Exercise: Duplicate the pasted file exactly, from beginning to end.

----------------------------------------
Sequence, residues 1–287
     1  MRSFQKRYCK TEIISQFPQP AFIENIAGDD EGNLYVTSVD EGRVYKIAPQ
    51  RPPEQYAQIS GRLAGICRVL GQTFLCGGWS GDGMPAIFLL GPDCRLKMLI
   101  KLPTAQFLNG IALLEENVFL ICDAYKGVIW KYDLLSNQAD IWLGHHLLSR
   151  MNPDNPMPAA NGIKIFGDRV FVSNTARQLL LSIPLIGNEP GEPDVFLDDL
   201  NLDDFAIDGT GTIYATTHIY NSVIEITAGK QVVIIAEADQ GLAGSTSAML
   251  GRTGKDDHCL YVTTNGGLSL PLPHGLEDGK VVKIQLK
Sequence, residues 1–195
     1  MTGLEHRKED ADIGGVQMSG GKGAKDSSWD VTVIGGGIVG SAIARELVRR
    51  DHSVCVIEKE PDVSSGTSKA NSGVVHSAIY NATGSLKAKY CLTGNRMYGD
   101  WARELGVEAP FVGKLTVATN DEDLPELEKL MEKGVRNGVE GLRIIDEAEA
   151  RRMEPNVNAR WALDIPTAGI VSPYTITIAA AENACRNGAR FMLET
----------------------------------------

Sequence, residues 1–287
     1  MRSFQKRYCK TEIISQFPQP AFIENIAGDD EGNLYVTSVD EGRVYKIAPQ
    51  RPPEQYAQIS GRLAGICRVL GQTFLCGGWS GDGMPAIFLL GPDCRLKMLI
   101  KLPTAQFLNG IALLEENVFL ICDAYKGVIW KYDLLSNQAD IWLGHHLLSR
   151  MNPDNPMPAA NGIKIFGDRV FVSNTARQLL LSIPLIGNEP GEPDVFLDDL
   201  NLDDFAIDGT GTIYATTHIY NSVIEITAGK QVVIIAEADQ GLAGSTSAML
   251  GRTGKDDHCL YVTTNGGLSL PLPHGLEDGK VVKIQLK
Sequence, residues 1–195
     1  MTGLEHRKED ADIGGVQMSG GKGAKDSSWD VTVIGGGIVG SAIARELVRR
    51  DHSVCVIEKE PDVSSGTSKA NSGVVHSAIY NATGSLKAKY CLTGNRMYGD
   101  WARELGVEAP FVGKLTVATN DEDLPELEKL MEKGVRNGVE GLRIIDEAEA
   151  RRMEPNVNAR WALDIPTAGI VSPYTITIAA AENACRNGAR FMLET